Highlights of the Project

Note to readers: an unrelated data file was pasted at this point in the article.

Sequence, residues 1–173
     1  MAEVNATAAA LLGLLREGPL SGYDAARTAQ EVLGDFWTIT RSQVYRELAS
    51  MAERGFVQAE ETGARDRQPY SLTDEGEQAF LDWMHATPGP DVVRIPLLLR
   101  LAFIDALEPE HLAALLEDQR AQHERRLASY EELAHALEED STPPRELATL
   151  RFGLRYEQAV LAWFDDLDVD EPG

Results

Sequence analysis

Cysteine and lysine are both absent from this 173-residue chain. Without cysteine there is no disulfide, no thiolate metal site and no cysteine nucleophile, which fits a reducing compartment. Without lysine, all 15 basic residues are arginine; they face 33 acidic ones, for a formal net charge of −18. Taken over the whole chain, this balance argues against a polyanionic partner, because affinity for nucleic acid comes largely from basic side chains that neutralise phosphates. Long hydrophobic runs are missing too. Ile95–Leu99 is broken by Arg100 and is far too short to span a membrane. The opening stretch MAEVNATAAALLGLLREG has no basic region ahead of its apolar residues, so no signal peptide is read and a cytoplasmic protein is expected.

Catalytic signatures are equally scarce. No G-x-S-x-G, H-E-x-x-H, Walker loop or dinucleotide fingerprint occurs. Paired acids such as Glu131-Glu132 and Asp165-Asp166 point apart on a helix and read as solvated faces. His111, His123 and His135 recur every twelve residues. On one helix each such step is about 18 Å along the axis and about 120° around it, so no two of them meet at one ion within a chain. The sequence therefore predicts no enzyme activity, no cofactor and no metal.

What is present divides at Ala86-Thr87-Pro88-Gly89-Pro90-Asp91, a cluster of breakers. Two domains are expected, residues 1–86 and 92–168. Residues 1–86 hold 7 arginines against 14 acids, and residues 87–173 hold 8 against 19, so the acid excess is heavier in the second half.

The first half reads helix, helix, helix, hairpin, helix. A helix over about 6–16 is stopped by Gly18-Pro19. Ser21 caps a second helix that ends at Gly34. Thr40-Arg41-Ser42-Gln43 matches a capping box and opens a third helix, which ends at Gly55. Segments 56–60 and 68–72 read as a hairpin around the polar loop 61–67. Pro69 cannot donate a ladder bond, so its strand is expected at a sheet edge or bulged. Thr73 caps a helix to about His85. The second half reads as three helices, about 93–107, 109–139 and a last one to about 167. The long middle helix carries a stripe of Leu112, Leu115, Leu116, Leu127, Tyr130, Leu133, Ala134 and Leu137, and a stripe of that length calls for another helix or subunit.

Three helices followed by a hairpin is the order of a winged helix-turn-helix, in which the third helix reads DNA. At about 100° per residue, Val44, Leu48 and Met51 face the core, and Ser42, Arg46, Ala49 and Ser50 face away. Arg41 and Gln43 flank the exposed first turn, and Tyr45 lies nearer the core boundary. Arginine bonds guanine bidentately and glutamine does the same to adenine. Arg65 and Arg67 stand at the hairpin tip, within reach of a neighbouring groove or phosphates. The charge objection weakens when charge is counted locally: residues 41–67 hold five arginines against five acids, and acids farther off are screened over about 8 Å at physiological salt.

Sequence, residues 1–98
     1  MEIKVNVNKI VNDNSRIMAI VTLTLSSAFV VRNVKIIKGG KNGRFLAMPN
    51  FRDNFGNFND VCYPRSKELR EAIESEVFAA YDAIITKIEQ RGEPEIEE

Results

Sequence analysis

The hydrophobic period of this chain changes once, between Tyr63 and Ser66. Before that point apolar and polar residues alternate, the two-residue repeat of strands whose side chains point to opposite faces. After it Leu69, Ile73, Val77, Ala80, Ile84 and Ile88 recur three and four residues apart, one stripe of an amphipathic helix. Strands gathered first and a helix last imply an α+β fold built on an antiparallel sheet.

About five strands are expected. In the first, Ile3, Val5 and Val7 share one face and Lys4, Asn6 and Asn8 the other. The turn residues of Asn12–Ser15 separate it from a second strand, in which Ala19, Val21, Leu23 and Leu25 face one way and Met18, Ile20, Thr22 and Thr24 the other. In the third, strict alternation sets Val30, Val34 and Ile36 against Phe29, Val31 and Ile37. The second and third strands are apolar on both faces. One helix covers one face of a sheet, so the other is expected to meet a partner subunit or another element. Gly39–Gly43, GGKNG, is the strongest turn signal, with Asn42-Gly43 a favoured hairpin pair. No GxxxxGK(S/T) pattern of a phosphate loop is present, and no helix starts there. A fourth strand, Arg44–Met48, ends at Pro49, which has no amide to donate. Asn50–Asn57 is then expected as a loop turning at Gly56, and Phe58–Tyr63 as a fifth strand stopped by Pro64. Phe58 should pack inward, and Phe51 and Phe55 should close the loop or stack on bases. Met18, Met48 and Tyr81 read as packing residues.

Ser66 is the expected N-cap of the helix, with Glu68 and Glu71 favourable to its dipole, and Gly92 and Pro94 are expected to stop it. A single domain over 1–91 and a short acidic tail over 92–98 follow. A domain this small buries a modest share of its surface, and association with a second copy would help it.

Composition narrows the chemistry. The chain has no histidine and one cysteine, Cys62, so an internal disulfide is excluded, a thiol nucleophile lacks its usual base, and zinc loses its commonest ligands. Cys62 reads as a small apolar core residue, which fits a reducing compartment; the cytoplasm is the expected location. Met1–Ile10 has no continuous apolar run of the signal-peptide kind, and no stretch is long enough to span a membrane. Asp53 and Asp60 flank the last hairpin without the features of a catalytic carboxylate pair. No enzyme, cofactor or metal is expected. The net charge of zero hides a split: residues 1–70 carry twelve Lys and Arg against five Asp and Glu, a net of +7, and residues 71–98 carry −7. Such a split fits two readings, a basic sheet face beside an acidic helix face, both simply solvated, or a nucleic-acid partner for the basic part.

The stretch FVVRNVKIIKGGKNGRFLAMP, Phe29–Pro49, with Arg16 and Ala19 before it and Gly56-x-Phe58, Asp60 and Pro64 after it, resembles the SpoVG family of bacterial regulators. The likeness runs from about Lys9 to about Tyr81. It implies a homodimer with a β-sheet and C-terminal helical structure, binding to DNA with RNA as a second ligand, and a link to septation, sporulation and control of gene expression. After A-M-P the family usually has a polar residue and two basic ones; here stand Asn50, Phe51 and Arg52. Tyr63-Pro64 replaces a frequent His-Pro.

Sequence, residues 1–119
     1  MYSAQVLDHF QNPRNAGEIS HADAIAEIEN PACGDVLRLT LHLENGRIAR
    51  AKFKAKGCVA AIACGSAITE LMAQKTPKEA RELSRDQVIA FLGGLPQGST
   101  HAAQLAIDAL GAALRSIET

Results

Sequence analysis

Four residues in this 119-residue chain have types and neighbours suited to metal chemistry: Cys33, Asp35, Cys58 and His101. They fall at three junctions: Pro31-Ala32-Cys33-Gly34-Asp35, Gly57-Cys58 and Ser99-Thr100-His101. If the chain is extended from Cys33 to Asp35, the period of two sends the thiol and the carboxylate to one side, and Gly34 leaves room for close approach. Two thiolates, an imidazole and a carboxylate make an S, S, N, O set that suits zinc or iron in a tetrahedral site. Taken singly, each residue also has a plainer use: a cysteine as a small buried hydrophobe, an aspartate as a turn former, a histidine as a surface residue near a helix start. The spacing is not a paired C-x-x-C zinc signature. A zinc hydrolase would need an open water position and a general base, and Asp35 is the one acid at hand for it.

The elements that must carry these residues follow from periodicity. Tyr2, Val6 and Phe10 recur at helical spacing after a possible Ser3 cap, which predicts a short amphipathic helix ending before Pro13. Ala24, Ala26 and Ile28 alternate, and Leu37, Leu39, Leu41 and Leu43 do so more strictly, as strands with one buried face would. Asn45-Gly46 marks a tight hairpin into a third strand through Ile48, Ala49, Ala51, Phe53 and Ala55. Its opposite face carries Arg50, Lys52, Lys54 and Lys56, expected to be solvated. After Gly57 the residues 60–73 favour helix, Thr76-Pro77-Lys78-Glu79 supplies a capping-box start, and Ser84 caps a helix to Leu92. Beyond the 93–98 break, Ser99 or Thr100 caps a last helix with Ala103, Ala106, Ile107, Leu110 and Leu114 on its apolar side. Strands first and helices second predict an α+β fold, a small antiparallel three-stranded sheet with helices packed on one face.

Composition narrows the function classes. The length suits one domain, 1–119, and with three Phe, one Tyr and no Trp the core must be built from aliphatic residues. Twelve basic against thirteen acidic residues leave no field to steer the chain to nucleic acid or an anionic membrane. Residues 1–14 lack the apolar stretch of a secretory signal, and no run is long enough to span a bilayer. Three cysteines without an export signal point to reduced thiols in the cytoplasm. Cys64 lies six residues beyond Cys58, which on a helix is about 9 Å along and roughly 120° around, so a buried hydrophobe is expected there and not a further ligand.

After the destruction caused by the cyclone, the intent was to re-build spaces and establish a new sense of confidence and identity for the inhabitants of the place, making them confident with activities and shapes of the area. The key point of this project is that it is perfectly grafted into the context and it has multi-functional spaces, largely usable by day or night, like the staircase and the terrace overlooking the sea; comfortable meadows and sitting areas made of curbs and stone seats on which to relax, play or walk during the day and perfect at night for fireworks, spectacles, concerts and open-air cinema. Multifunction is also relevant for the water elements: wide swimming-lagoon pools attract people during hot days and they get inspiration from the sand dunes deployed on the shallow coastal beaches. At the same time, under the comforting shade of the palm trees, variety Pandanus, lies a wide wooden terrace encircling the pool and offering space for reading and sun bathing; a very good chance to enjoy the fresh air. A tropical mix of wide- leaf shrubs borders the trees and gives a more natural look to the place. Special water games for children are next to the pool, ensuring a connection between the two fluid spaces and giving a chance to kids to have fun where bridges, big flowered-shaped showers, and soft meadows invite them to jump and run.Connection between the promenade and the beach below are guaranteed by slightly inclined stairs, comfortable also as seats, and by vegetated and rocked slopes which sew natural and built spaces together. Different ways to spend time and coexist with the natural beauty of the ocean sea-side have been studied for this project that is going to rescue the inner aspects of the place, offering also a wide choice of pavilions and cafes perfectly integrated into the landscape setting and designed by Architectus and Brian Hooper Architect. The accessibility of places is supported by wide parking areas in proximity of the main access to the promenade: a well-organized and integrated system that will make the whole area reachable, permitting people to directly take part in the place; an important aspect with some relevance nowadays.